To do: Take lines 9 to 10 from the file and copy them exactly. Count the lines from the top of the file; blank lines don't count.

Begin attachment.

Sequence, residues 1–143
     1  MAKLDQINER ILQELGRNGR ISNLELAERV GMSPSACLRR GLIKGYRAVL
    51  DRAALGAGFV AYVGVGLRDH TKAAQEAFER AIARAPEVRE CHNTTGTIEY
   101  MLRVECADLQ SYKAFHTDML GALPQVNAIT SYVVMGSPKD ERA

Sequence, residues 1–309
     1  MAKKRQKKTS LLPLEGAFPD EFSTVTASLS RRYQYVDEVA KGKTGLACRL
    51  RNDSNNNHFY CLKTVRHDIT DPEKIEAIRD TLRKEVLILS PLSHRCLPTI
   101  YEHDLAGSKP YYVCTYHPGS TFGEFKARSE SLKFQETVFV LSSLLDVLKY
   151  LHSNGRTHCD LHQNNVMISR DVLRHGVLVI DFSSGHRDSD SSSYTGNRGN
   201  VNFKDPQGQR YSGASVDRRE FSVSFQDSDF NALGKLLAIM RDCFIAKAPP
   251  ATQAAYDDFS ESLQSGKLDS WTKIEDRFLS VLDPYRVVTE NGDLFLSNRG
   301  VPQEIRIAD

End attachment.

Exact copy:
   151  LHSNGRTHCD LHQNNVMISR DVLRHGVLVI DFSSGHRDSD SSSYTGNRGN
   201  VNFKDPQGQR YSGASVDRRE FSVSFQDSDF NALGKLLAIM RDCFIAKAPP